S&P 500 Firms Expand Sustainability Data in Financial Filings, But Slow to Adopt Fully Integrated Reporting

Source: , 28 November 2018

Large public company sustainability reporting is maturing rapidly, with financial data presented alongside growing social and environmental metrics and quantified goals. But despite investor interest, most companies in the S&P 500 have not adopted fully integrated corporate reporting, a new report reveals.

State of Sustainability and Integrated Reporting 2018, commissioned by the Investor Research Responsibility Center Institute (IRRCi) and authored by the Sustainable Investments Institute (Si2), finds that:

  • 78 percent of S&P 500 companies issue a sustainability report.
  • 40 percent of S&P 500 companies include voluntary sustainability discussions in annual financial reports or other regulatory filings. This is a key signal that an increasing number of companies believe sustainability issues are financially material. The reporting, however, varies widely.
  • Among companies that issue sustainability reports, 95 percent offer quantified, annually comparable environmental performance metrics; two-thirds set quantified and time-bound environmental goals. Some 86 percent offer social performance metrics, but only 40 percent set quantified social goals.
  • Only 14 S&P 500 companies issue what Si2 considers to be fully integrated reports, though this is a 100 percent increase from five years ago. Integrated reporting provides a holistic look at material information that goes beyond corporate financial disclosures and gives investors insight on a company’s risk and value creation potential. It is endorsed by the Principles for Responsible Investment (PRI), backed by PRI signatories with $82 trillion in assets under management.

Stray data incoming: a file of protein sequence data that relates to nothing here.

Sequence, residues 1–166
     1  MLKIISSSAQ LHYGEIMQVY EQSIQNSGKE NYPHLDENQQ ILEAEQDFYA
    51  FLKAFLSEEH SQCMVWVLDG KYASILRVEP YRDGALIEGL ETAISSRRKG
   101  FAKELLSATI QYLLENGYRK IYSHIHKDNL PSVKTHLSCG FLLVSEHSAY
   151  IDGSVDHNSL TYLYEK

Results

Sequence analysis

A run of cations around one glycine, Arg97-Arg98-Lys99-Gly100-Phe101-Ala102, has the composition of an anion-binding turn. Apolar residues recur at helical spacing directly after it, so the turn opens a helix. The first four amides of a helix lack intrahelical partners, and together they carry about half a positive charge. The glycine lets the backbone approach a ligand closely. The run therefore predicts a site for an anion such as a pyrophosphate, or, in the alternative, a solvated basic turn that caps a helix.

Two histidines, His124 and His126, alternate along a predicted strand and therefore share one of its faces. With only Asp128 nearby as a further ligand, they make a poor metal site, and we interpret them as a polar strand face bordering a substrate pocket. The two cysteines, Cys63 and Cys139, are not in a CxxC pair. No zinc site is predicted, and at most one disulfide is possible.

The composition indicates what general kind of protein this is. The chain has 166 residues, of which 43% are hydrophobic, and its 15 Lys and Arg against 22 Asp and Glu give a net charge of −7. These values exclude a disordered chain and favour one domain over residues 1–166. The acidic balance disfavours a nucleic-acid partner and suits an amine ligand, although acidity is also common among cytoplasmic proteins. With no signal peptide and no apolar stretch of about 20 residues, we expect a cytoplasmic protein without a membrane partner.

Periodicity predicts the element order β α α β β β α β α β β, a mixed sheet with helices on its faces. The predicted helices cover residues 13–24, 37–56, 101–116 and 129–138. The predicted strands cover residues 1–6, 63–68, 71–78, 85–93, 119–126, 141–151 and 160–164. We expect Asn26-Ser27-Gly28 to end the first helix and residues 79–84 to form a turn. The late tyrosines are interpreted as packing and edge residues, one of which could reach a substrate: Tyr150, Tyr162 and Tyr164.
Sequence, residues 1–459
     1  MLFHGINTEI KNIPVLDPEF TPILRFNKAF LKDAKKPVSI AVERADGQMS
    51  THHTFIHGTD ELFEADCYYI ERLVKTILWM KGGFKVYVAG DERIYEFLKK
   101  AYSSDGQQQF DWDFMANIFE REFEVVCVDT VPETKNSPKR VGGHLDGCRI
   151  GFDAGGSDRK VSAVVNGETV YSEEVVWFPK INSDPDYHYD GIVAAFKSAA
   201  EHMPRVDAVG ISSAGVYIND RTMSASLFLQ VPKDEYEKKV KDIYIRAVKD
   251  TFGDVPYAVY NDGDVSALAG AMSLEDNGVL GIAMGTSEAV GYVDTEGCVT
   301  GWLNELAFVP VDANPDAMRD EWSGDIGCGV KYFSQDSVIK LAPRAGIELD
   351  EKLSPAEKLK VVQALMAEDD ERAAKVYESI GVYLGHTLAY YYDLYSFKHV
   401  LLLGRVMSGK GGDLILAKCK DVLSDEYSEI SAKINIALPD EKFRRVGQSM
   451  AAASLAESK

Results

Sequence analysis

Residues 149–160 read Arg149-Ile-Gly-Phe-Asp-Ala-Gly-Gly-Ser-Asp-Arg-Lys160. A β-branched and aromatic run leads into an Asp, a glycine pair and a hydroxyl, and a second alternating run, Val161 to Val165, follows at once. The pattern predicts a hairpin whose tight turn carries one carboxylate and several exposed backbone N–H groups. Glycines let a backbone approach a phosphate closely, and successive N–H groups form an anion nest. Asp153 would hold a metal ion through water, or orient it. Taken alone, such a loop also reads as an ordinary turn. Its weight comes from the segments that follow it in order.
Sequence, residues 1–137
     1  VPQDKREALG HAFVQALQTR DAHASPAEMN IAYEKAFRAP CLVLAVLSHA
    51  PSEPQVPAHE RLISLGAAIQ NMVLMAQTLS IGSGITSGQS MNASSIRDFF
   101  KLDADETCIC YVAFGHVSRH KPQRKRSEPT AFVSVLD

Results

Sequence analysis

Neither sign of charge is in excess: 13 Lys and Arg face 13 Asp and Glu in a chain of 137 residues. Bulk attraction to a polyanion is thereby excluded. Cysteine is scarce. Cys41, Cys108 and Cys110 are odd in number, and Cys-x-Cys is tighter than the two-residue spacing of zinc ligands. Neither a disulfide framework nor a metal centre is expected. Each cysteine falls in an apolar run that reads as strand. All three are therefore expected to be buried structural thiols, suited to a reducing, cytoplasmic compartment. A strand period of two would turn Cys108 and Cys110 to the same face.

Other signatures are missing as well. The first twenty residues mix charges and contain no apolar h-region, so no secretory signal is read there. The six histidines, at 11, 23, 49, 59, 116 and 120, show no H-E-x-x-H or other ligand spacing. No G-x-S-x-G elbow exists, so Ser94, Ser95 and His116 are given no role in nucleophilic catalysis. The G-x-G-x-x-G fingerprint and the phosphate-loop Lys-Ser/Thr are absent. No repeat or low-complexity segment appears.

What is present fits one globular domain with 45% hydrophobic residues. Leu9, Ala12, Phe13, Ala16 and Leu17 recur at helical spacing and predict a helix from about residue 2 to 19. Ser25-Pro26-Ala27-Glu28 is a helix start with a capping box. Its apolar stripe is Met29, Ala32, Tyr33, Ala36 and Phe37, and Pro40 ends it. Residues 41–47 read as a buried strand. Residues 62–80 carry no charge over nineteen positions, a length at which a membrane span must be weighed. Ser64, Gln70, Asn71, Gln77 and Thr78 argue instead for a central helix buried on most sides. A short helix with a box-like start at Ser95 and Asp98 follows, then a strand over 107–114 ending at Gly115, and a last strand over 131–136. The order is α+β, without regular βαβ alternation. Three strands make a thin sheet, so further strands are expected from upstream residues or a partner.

“It’s significant progress that sustainability reporting is mainstream and that the majority of companies provide more relevant and quantified information,” said Jon Lukomnik, IRRCi executive director. “But investors still aren’t provided with a complete view of a company’s material environmental and social information, which would help investors make informed decisions.”

Lukomnik also noted that only 36 percent of these sustainability reports included external assurance. For 90 percent of these sustainability reports, the assurance was only partial and usually related to greenhouse gas emissions.

“Integrated reporting pushes the corporate disclosure envelope, but its early adopters are responding to a huge unmet demand in the investment world for quantified, material data to assess company strategies in our rapidly changing world,” said Heidi Welsh, Si2 executive director

Report author Sol Kwon, a senior consultant at Si2, observed, “Our report helps draw back the veil on what companies are actually doing, and explores why they increasingly look at environmental, social and governance (ESG) metrics to find opportunity, not just risk.”

The report shows interest in integrated reporting is higher than ever, and that a sea of new reporting frameworks has raised investor expectations for companies and shaped their sustainability disclosures.  Still, U.S. company reporters navigate the landscape in idiosyncratic ways;  97 percent customize rather than directly follow current frameworks from organizations such as the Global Reporting Initiative, the International Integrated Reporting Council and the Sustainable Accounting Standards Board.

Download the report here.